First Female Navy SEALs Could Get Assignments In 2017

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Editor’s Note: This article by Hope Hodge Seck originally appeared on Military.com, the premier source of information for the military and veteran community.


The first female enlisted Navy SEALs could be assigned to units next fall, and the first female SEAL officers could be in place by 2018, a newly approved Navy implementation plan shows.

The 50-page plan was made public on Thursday, March 10, after the Pentagon announced that all services' plans to open previously closed combat and special ops positions to women had been approved. The announcement means the services can now begin training, recruiting and assignment to place female troops in previously closed jobs.

According to the document, the first enlisted female sailors could enter the Naval Special Warfare training beginning with the prep course at Great Lakes, Illinois, in May, complete qualification September 2017, and undergo unit assignment the following month. For officers, the earliest possible scenario would see women entering training December, completing qualification in January 2018, and receiving assignments the following month.

For special warfare combatant-craft crewmen, an enlisted-only position, women could begin training as early as May and undergo assignment as soon as March 2017.

"These dates were determined using best-case scenarios for the [Naval Special Warfare] operator pipeline assuming qualified application packages are received by the prescribed deadlines…and there are no delays," Rear Adm. Brian Losey, commander of Naval Special Warfare Command, wrote in a memo that introduces the implementation plan. "Most likely, start dates would shift to the next consecutive class number."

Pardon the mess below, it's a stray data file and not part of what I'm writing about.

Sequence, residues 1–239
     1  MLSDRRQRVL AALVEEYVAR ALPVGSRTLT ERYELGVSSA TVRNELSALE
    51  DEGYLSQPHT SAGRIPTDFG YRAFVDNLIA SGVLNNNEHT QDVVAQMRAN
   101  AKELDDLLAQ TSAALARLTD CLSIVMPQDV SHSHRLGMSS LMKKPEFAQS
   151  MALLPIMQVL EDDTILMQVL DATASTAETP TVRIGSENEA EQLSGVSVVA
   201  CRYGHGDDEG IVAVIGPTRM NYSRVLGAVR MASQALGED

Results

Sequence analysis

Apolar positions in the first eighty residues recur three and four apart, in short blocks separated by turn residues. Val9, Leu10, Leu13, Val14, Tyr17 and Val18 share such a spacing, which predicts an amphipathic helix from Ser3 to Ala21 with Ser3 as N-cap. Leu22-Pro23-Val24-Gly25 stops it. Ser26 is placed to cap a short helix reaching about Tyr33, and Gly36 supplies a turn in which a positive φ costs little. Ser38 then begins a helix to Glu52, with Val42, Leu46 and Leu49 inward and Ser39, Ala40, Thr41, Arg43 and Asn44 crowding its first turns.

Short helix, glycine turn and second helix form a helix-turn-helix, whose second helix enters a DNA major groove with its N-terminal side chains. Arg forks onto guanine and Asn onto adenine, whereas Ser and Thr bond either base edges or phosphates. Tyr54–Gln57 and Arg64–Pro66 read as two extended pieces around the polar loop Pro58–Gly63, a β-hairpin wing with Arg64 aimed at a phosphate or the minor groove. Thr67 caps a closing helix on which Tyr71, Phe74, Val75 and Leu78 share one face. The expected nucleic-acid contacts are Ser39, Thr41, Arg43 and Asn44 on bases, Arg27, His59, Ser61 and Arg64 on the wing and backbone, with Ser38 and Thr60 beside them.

He added that attrition and set-back rates would also play a role in how quickly women can enter these elite communities. SEAL officers have a 65% success rate; enlisted SEAL candidates have a 28% success rate; and SWCC candidates have only a 38% success rate, Losey said. Eighty percent of all students in SEAL and SWCC training pipelines experience a performance or medical setback that delays their progress, he said.

The Navy's plan describes lessons learned from the entry of women into the Navy explosive ordnance disposal and Navy diver communities. Officials warn that newly opened NSW positions will see relatively low interest from women and lower success rates.

Female EOD officers make up just 2.5% of the total EOD officer population, the document states, while enlisted female EOD personnel make up just 0.9% of their community. Only 0.6% of Navy divers are women.

Planners also warned against applying a quota system to fill newly opened positions with women, saying that quotas used in the past go unfilled and that they result in less-qualified candidates and "contribute to higher female attrition rates."

A better solution is a gender-blind selection process, the plan states.

At the Navy's Special Warfare Center in Coronado, California, the plan recommends increasing female staff by a factor of five in order to ensure female sailors entering the community have opportunities to be successful.

For the Navy's elite Basic Underwater Demolition/SEAL school and other elements of the NSW pipeline, planners found the introduction of female students would require very little added infrastructure.

The plan recommends spending $175,000 to install security cameras at BUD/S barracks and another $100,000 for shower and bathroom facilities for female sailors.

At BUD/S, the Navy proposes "open bay" barracks facilities for male and female students, with privacy partitions built in to create gender-specific bathroom facilities.

Losey maintained the Navy's commitment to maintaining rigorous standards for Naval Special Warfare as the service opens the community to women.

"Any deviation from the validated, operationally relevant, gender-neutral standards would undermine true integration, disrupt unit cohesion, impact combat effectiveness, and be a disservice to those exceptional candidates willing to test and serve against the required and validated standards," he wrote.

The article originally appeared on Military.com.

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